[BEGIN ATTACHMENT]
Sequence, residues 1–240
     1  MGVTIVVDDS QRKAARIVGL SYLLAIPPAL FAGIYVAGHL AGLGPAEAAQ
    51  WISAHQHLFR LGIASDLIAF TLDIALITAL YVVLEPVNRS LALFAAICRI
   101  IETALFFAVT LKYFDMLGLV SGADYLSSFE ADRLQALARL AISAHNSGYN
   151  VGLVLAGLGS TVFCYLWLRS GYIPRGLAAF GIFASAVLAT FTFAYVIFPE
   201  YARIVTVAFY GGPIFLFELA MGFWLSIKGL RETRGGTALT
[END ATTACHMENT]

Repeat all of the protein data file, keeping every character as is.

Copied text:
Sequence, residues 1–240
     1  MGVTIVVDDS QRKAARIVGL SYLLAIPPAL FAGIYVAGHL AGLGPAEAAQ
    51  WISAHQHLFR LGIASDLIAF TLDIALITAL YVVLEPVNRS LALFAAICRI
   101  IETALFFAVT LKYFDMLGLV SGADYLSSFE ADRLQALARL AISAHNSGYN
   151  VGLVLAGLGS TVFCYLWLRS GYIPRGLAAF GIFASAVLAT FTFAYVIFPE
   201  YARIVTVAFY GGPIFLFELA MGFWLSIKGL RETRGGTALT